• 8. The policy and UE information are managed in units called Management Objects (MO) regulated by OMA-DM. The MO data uses an XML format tree structure standardized by 3GPP TS24.312. ANDSF has a function for distributing the above-described MO to the UE. The MO is delivered to the UE at the IP level via an interface called the S14 interface. Two distribution methods are defined: 1. The Pull model which distributes the MO in response to a UE request; and 2. The Push model which distributes the MO from the ANDSF autonomously. These distribution methods are implemented using the OMA-DM protocol. In the Pull model, the MO is distributed using HTTPS. Although 3GPP TS24.302 has no security related specification, TLS1.1 and TLS1.2 are recommended for the OMA-DM protocol. The UE can request distribution of all the ISMP, ISRP, and Discovery information, or of any combination thereof. Several methods are described for the Push model. The first method is to send messages including GBA (Generic Bootstrapping Architecture) push information using WAP push method. Second is to send the MO using SMS method. Last is to send the Notification message defined by OMA-DM protocol using WAP push. The GBA push is used for distribution via 3GPP networks. The following shows an example of the push model sequence using WAP push of the Notification message. UE Notif WAP Push Proxy Gateway Push SMS request ANDSF Package #0 for OMA-DM Notification message: non-secure WAP push Push SMS confirm Established HTTP with TLS Package #1 for OMA-DM OMA-DM Generic Alert Package #2 for OMA-DM MO 8 OMA-DM Status Understanding WLAN offload in cellular networks
  • 9. Authentication and Security Trusted Access makes use of the EAP-SIM and EAP-AKA authentication methods for authenticating users using SIM card information, and supports simple, high-speed offloading to non-3GPP networks. Untrusted Access supports secure communications using ePDG to provide access to carriers’ networks via public networks. The two key technologies are authentication using EAP and secured communications using ePDG. —EAP-SIM/EAP-AKA— EAP-SIM/EAP-AKA are UE authentication methods using the UE SIM card that make use of the Extensible Authentication Protocol, which extends the older Point to Point Protocol standard used for wired network authentication. The UE sends the SIM card information to the trusted non-3GPP access AP and the AP queries the AAA server with Pass/Fail authentication (STa interface). The AAA server compares the query with the user information saved at HSS and returns the authentication result to the UE. The implementation of authentication functions EAP-SIM/EAP-AKA to the UE has been standardized by the TS22 GSMA. w w w. a n r i t s u . c o m 9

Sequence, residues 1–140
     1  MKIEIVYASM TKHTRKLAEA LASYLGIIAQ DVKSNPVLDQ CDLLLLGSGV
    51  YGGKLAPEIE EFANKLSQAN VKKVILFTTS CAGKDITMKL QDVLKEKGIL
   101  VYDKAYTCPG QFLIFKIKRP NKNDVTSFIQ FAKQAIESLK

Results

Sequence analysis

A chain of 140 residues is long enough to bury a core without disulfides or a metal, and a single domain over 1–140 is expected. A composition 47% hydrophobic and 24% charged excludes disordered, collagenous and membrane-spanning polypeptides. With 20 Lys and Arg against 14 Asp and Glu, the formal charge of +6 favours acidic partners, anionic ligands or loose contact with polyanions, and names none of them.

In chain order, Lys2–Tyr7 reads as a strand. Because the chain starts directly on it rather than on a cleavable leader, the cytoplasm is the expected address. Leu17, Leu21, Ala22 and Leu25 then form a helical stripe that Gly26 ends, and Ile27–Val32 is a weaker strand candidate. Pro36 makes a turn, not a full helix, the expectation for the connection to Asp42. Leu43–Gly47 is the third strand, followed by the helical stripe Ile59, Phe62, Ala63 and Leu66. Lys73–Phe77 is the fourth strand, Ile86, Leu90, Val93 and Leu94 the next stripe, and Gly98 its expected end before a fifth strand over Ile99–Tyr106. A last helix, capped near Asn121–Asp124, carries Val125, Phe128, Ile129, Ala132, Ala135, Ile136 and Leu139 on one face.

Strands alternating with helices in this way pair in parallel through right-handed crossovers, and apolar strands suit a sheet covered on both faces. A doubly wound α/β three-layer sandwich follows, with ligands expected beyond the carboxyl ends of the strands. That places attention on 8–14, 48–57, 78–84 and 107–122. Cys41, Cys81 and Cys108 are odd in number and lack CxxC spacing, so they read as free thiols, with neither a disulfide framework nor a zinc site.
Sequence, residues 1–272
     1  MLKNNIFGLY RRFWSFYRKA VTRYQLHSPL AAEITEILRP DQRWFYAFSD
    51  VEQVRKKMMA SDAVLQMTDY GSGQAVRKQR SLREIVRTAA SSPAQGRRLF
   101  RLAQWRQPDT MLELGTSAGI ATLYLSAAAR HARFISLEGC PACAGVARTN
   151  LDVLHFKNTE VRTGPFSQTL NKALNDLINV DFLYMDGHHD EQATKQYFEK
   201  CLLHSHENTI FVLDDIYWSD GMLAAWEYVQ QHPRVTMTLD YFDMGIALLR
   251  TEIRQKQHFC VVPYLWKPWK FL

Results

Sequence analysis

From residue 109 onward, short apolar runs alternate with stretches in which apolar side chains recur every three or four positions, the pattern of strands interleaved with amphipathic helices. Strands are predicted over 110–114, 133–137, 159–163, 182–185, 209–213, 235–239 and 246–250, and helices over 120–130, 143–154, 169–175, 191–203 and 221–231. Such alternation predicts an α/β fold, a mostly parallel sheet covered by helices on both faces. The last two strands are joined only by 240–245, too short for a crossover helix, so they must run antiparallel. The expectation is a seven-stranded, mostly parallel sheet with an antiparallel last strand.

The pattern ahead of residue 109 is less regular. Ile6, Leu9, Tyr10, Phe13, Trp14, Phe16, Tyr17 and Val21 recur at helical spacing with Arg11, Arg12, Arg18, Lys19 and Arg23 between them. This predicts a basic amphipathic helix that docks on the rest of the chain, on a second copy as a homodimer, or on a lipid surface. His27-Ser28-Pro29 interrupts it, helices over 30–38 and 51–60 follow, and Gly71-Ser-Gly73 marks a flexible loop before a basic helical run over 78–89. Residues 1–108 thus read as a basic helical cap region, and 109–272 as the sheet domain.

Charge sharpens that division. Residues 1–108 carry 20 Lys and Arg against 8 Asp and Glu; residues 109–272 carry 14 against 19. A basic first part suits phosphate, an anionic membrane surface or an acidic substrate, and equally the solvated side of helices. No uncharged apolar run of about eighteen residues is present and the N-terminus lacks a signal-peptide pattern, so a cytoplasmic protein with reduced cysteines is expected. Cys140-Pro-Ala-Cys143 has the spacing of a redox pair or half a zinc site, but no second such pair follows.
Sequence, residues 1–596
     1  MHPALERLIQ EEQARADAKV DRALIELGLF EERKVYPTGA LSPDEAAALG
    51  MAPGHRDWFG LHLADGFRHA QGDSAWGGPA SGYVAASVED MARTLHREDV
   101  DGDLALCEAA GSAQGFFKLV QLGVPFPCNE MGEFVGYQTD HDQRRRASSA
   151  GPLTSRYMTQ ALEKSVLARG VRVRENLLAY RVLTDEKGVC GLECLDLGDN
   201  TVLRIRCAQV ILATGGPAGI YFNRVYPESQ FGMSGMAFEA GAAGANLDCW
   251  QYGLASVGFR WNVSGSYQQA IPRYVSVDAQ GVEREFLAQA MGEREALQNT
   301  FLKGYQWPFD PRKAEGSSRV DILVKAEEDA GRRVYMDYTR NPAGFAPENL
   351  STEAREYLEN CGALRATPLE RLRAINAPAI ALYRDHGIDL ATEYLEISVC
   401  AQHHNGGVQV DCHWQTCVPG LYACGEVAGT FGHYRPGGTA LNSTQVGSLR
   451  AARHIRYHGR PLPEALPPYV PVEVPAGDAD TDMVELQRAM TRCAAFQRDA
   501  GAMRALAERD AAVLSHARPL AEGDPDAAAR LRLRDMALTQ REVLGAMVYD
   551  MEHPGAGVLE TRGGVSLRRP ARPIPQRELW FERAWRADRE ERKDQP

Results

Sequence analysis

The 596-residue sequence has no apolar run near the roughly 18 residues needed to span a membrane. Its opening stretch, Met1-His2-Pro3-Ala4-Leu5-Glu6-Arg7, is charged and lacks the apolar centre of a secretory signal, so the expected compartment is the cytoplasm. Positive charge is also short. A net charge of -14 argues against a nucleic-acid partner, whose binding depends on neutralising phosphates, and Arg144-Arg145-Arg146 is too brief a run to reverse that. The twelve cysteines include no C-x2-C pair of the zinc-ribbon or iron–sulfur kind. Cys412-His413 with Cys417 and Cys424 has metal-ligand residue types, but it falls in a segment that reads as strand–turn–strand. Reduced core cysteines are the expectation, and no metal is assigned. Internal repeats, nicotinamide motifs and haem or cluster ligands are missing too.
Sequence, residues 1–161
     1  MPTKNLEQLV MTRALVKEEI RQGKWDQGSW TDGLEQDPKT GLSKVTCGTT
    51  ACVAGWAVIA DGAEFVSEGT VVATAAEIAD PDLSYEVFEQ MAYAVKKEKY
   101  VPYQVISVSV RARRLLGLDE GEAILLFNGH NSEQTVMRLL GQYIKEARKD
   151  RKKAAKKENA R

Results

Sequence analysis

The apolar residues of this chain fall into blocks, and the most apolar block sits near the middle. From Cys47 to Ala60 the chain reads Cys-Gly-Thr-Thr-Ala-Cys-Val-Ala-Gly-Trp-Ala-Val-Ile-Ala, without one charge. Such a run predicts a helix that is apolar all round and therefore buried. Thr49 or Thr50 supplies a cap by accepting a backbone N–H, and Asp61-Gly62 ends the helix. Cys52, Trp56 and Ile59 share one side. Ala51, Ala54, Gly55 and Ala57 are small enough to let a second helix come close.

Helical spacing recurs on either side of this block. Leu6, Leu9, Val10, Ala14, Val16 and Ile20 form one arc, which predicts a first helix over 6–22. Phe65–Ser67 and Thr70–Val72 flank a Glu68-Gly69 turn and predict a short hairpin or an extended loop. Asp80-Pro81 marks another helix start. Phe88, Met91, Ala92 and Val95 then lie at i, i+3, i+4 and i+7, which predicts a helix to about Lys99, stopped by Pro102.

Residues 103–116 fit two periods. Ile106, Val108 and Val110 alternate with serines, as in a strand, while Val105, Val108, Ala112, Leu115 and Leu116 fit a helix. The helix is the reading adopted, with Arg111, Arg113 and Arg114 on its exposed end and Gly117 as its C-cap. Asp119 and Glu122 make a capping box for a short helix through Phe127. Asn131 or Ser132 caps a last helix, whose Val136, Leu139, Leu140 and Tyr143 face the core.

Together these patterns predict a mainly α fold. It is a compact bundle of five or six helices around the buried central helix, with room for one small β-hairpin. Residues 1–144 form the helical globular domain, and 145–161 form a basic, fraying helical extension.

• 10. The following shows an example of the trusted non-3GPP access authentication sequence (EAP-AKA full authentication). Trusted Non - 3GPP Access UE AAA HSS Connection Established EAP-Request/Identity EAP-Response/Identity Optional Messages AAA (EAP-Response/Identity) AAA (EAP-Request/AKA-Identity) EAP-Request/AKA-Identity EAP-Response/AKA-Identity AAA (EAP-Response/AKA-Identity) Request AKA vector AKA Algorithm executed, outputs AK Vector: RAND, AUTN, XRES Return AKA vector Request Profile Return Profile Derive Keying Material EAP-Request/AKA-Challenge AAA (EAP-Request/AKA-Challenge) UE runs AKA algorithms, verifies AUTN, generates RES, and MSK EAP-Response/AKA-Identity AAA (EAP-Response/AKA-Challenge) 3GPP AAA Verifies that AT-RES = XRES Conditional Messages AAA (EAP-Request/AKA-Notification) EAP-Request/AKA-Notification EAP-Response/AKA-Notification AAA (EAP-Response/AKA-Notification) EAP-Success 10 AAA (EAP-Success) Understanding WLAN offload in cellular networks Registration